Steve Earle & The Del McCoury Band

Steve Earle & The Del McCoury Band

The Mountain


Steve Earle has pretty much cemented his reputation as a writer/performer of some of the finest music to come out of Nashville since the 50’s. He occasionally makes forays into whatever type of music he feels like playing at the time (as evidenced by the two Supersucker collaborations on El Corazon ), and by what he wants to say (the recent Johnny Too Bad EP), but this is the style of music he does best, and the reason is pretty simple. Steve is well respected and loved among his peers and his songs have been covered by the finest musicians of the day. As a result, he draws some of the best talent available anywhere to his projects. When he is working in this style, the talent well is deeper and the water is sweeter. When you can get the likes of Queen Emmylou and the incredible Del McCoury to lend their talents to your last two releases, you have been doing something right. The “something right” is consistently evidencing a real respect for tradition, writing very insightful songs, and displaying folk music sensibilities on par with Emmylou, and rapidly approaching those of the great Doc Watson.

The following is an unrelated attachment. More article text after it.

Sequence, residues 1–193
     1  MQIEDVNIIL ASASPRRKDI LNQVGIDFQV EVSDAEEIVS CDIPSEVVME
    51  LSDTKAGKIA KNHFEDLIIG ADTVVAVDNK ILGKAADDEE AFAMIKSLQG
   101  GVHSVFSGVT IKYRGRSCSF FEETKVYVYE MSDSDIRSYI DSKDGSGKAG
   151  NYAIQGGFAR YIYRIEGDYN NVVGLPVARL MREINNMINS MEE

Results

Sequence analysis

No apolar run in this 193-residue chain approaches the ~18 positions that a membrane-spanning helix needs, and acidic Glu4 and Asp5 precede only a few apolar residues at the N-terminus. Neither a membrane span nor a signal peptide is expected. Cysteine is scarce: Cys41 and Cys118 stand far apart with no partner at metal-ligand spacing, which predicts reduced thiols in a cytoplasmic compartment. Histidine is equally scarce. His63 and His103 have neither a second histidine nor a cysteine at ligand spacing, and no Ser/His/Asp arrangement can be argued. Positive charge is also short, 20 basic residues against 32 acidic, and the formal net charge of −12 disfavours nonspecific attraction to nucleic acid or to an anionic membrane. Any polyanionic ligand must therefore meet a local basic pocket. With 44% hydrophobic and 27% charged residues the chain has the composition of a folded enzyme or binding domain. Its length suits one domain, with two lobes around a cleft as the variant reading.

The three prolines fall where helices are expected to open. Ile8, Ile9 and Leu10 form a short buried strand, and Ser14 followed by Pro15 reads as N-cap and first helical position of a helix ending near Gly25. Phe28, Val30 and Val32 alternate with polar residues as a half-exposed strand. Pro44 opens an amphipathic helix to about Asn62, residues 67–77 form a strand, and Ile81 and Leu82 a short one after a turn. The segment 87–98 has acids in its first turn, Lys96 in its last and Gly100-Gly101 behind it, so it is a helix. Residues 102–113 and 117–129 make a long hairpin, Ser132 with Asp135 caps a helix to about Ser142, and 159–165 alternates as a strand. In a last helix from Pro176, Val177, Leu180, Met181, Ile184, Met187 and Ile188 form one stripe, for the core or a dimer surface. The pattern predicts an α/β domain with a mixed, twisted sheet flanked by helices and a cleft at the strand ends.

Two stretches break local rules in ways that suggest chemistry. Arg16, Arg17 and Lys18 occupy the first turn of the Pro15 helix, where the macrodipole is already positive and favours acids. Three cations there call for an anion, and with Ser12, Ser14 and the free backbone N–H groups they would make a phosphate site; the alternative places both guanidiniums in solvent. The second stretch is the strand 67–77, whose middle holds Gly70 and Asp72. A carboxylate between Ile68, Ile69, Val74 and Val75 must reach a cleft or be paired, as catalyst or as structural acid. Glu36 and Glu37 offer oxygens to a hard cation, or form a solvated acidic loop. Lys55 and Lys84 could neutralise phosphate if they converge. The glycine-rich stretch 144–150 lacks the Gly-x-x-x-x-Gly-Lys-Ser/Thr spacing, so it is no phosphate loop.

I was kinda struck by the fact that nowhere on this CD, or in the accompanying notes I received, was the word “Bluegrass” used in direct reference to these songs. I suspect that Steve, like Ralph Stanley, knows that the late-great Bill Monroe kinda owns that word and omitted it as a sub-conscious tribute. Bluegrass will be used to describe the release in a lot of other reviews and that would be correct. The band is definitely a genuine Bluegrass band, and the themes are dead-on in the Bluegrass vein. This collection contains a blues song, “Graveyard Shift,” an Iris Dement duet, “I’m Still in Love With You,” a real-live-bad-tooth-hillbilly murder ballad in “Carrie Brown,” a mandolin breakdown, and a Jimmy Martin impression with “Yours Forever Blue.” The title song (and my favorite ) kind of reminded me of the old bluegrass standard “Dark as a Dungeon” turned inside out. The closer, “Pilgrim,” is a very moving tribute to the great Roy Huskey, Jr. In my humble hillbilly opinion, this is his finest record to date.

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